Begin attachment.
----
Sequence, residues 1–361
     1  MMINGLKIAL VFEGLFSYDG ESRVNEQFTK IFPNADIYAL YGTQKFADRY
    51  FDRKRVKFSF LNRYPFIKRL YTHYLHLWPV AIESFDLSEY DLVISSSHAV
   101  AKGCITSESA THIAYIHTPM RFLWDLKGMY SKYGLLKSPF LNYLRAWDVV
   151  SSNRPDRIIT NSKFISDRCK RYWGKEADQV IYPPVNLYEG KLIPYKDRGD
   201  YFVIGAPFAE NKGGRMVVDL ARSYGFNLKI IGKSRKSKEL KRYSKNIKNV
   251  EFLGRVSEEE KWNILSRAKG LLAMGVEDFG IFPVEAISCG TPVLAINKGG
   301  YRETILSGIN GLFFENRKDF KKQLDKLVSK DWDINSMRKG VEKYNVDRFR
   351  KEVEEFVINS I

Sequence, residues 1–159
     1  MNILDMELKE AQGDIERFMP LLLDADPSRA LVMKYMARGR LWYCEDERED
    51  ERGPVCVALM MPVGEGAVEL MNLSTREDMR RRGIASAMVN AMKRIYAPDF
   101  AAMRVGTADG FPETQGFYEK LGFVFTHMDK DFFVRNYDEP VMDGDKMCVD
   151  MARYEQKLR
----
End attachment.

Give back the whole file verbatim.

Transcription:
Sequence, residues 1–361
     1  MMINGLKIAL VFEGLFSYDG ESRVNEQFTK IFPNADIYAL YGTQKFADRY
    51  FDRKRVKFSF LNRYPFIKRL YTHYLHLWPV AIESFDLSEY DLVISSSHAV
   101  AKGCITSESA THIAYIHTPM RFLWDLKGMY SKYGLLKSPF LNYLRAWDVV
   151  SSNRPDRIIT NSKFISDRCK RYWGKEADQV IYPPVNLYEG KLIPYKDRGD
   201  YFVIGAPFAE NKGGRMVVDL ARSYGFNLKI IGKSRKSKEL KRYSKNIKNV
   251  EFLGRVSEEE KWNILSRAKG LLAMGVEDFG IFPVEAISCG TPVLAINKGG
   301  YRETILSGIN GLFFENRKDF KKQLDKLVSK DWDINSMRKG VEKYNVDRFR
   351  KEVEEFVINS I

Sequence, residues 1–159
     1  MNILDMELKE AQGDIERFMP LLLDADPSRA LVMKYMARGR LWYCEDERED
    51  ERGPVCVALM MPVGEGAVEL MNLSTREDMR RRGIASAMVN AMKRIYAPDF
   101  AAMRVGTADG FPETQGFYEK LGFVFTHMDK DFFVRNYDEP VMDGDKMCVD
   151  MARYEQKLR